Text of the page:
During a talk at a 1977 meeting of the World Future Society in Boston, Olsen reportedly said he saw “no reason for any individual to have a computer in his home,” a statement that was supposedly publicized quite widely when Time magazine repeated it. What was missing, however, was context: repetitions of a single sentence from Olsen’s talk are misleading because they don’t convey that he used “computer in his home” in a very different sense than we would now use it.
The “computer” Ken Olsen was referring to (and eschewing as a home consumer product) in 1977 was not the modern PC, a desktop user-driven device many of us use to play games, send and receive
[That interpretation of my comment] is, of course, ridiculous because the business we were in was making PCs, and almost from the start I had them at home and my wife played Scrabble with time-sharing machines, and my sixth-grade son was networking the MIT computers and the DEC computers together, hopefully without doing mischief, using the computers I had at home. Home computers were a natural continuum of the “personal computers” that people had at work, in the laboratory, in the military.
What Olsen was addressing in 1977 was the concept of powerful central computers that controlled every aspect of home life: turning lights on and off, regulating temperature, choosing entertainments, monitoring food supplies and preparing meals, etc. The subject of his remark was not the personal use computer that is now so much a part of the American home, but the environment-regulating behemoth of science fiction. Digital historian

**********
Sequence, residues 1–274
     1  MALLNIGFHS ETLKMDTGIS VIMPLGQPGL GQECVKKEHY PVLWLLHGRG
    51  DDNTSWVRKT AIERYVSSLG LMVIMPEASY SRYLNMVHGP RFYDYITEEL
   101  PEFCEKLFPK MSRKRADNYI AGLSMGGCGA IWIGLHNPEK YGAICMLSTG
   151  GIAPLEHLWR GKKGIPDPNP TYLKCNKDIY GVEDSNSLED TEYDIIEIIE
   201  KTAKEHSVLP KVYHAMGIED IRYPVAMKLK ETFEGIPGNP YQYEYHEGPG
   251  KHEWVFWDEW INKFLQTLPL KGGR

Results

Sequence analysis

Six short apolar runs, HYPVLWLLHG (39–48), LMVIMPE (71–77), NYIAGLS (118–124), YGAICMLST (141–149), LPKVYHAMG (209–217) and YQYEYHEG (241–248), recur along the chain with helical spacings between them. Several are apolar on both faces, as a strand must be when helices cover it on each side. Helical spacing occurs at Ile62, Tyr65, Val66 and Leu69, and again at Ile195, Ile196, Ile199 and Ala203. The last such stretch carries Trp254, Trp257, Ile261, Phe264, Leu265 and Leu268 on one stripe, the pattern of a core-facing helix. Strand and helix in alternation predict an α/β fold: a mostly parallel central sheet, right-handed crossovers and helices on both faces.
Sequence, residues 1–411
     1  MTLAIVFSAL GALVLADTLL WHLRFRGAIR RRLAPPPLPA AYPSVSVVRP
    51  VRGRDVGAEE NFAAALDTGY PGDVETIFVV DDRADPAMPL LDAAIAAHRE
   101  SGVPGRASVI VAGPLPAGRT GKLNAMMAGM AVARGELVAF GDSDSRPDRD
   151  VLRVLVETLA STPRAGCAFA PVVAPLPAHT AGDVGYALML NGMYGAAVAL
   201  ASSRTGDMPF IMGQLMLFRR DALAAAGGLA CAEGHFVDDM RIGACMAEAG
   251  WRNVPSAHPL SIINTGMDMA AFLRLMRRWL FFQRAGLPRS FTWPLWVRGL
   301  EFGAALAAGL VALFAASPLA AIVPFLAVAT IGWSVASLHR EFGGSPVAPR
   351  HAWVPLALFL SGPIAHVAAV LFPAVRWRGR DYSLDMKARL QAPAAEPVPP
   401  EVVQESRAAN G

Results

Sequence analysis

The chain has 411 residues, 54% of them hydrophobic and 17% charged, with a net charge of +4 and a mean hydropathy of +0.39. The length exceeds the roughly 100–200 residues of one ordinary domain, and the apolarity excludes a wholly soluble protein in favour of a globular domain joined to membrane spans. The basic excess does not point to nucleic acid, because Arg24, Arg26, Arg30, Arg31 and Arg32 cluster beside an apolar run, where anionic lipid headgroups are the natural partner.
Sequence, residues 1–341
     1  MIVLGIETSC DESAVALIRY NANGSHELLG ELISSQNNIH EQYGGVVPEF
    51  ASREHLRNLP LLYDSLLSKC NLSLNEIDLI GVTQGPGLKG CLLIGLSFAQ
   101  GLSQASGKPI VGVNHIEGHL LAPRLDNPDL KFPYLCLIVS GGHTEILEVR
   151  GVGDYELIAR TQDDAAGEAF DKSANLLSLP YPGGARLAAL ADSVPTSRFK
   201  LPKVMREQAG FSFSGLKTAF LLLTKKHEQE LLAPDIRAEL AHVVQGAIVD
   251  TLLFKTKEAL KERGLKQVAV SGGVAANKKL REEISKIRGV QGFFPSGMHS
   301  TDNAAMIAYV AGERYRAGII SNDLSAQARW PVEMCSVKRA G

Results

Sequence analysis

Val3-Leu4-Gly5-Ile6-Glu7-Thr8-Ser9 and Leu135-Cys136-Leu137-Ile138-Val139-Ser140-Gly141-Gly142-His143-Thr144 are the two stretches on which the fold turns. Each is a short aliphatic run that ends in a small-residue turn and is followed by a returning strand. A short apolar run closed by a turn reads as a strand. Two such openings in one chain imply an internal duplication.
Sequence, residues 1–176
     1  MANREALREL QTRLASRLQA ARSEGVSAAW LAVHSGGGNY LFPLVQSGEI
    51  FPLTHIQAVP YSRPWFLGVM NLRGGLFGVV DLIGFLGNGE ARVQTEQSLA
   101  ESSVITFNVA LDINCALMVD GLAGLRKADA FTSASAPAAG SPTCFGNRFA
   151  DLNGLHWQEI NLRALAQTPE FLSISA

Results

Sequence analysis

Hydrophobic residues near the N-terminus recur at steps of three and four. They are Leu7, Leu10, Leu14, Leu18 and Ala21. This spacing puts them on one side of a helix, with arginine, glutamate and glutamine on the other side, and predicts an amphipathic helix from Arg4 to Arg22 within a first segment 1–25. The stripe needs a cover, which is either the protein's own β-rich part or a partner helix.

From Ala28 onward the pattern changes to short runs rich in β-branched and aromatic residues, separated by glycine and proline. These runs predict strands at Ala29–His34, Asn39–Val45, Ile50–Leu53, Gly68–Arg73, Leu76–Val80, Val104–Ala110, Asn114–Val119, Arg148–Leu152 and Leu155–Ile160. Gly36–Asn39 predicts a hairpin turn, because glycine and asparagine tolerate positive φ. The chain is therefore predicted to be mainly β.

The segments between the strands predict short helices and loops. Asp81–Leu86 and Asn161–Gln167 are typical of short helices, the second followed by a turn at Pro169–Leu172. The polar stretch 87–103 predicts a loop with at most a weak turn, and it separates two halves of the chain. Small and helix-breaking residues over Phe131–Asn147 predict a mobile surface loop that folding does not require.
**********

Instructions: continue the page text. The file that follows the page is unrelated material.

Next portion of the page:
What Olsen [was focusing on was] that in the 1950s and 1960s there existed the notion that the computer not only could but would control all aspects of our lives. Images of the fully computerized home that automatically turned lights on and off and that prepared meals and controlled daily diets were popular. And the fear that computers might, as in the movie 2001: A Space Odyssey, even try to take charge altogether was widely experienced.
As Ken Olsen explained many times, what he was repudiating was the idea of a home computer so controlling that residents’ engaging in ordinary human activities would create a source of conflict:
I did make a number of statements and still make statements that people don’t understand about computers, or delight in misquoting. A long time ago when the common knowledge was that PCs would run our lives in every detail, I said that if you stole something from the refrigerator at night you didn’t want to enter this into the computer so that it
Olsen clarified that point to Schein again for the latter’s 2003 history of Digital:
As Olsen explained to me at length and attempted to make clear, he thought it would be unacceptable to have the computer in the home controlling everything. Why would anyone want that? He did not object to the concept of a PC at
Nonetheless, the out-of-context misinterpretation of Olsen’s comments is considered much more amusing and entertaining than what he really meant, so that is the version that has been promulgated for decades now.
“The quote’s the thing,” a familiar saying tells us. Maybe it is, but context is still king.
Last updated: 21 September 2004